South Dakota Native Plant Research
Rubiaceae : Galium boreale

Rubiaceae : Galium boreale


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Family Name


Common Name

Northern bedstraw

Native American Name

Lakota: čhaŋȟlóǧaŋ ská waštémna


Galium boreale is a perennial herb growing from a creeping rhizome with numerous, erect, often branched stems, 20-70 cm tall, that have clusters of hairs below the nodes. The sessile, simple, linear to lanceolate leaves are in whorls of 4, 3-4 cm long, often with fascicles of smaller leaves in their axils. The inflorescence consists of showy, terminal cymose panicles. The flowers have a small tubular calyx, the corolla is wheel-like, 3.5-7 mm wide, with 4 white to occasionally yellowish, reflexed lobes. There are 4 stamens and a 2-carpled pistil with 2 styles. The fruit is dry, globose, 2 mm long schizocarp the spits into 2 seed-like parts. Northern bedstraw blooms from June into September in prairies, woodlands, hillsides and roadways, often forming large colonies, in the Black Hills, the Coteau des Prairies and norther counties of South Dakota.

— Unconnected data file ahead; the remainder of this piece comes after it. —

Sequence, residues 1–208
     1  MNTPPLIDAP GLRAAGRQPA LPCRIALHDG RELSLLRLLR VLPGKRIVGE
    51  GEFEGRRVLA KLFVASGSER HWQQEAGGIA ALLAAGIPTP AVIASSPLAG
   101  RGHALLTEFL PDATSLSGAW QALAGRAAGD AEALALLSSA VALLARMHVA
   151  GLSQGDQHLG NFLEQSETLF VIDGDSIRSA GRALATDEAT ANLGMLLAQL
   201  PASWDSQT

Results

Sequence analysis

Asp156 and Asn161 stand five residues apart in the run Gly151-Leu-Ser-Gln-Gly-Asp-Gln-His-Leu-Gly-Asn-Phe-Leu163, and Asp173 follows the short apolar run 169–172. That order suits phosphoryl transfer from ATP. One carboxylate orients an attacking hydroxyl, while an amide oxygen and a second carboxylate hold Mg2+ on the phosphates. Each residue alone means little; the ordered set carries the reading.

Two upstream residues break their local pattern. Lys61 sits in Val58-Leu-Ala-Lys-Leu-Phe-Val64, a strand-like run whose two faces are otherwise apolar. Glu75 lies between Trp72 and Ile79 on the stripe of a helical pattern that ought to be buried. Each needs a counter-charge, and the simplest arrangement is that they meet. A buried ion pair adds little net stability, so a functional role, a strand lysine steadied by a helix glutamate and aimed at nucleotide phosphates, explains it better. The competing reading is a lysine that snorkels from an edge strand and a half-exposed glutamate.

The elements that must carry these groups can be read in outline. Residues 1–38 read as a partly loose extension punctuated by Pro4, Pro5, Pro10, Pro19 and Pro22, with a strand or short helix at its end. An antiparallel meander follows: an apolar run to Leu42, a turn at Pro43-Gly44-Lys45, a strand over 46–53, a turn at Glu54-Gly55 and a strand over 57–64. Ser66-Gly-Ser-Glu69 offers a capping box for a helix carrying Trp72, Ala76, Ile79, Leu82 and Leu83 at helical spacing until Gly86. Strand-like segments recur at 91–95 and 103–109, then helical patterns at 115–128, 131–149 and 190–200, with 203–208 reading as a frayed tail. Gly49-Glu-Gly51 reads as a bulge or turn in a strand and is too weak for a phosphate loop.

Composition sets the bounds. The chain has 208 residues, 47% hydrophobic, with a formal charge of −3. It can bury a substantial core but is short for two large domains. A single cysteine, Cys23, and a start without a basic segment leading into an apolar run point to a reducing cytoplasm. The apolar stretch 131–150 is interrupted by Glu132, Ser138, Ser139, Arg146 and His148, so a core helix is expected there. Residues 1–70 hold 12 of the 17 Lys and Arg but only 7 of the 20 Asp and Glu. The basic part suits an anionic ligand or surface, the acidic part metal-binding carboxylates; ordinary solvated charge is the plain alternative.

Additional Notes

Northern bedstraw make a striking ground cover along garden borders and under stands of trees. The flowers are bright, prolific, and self-pollinating. The roots are used to make a natural red dye.

Horticulture Notes

Seed collection: Fruits mature in late summer and fall and can be collected when they begin to separate into 2 sections.

Germination: Fall sowing is recommended, but a 120-day cold moist treatment before spting planting will provide good results.

Vegetative propagation: Mature plants spread by rhizomes that can be separated and transplanted.

Light: Partial shade to full sun.

Soil: Rocky to loamy, well drained soils.

Water: Moist to medium dry.

Rubiaceae : Galium boreale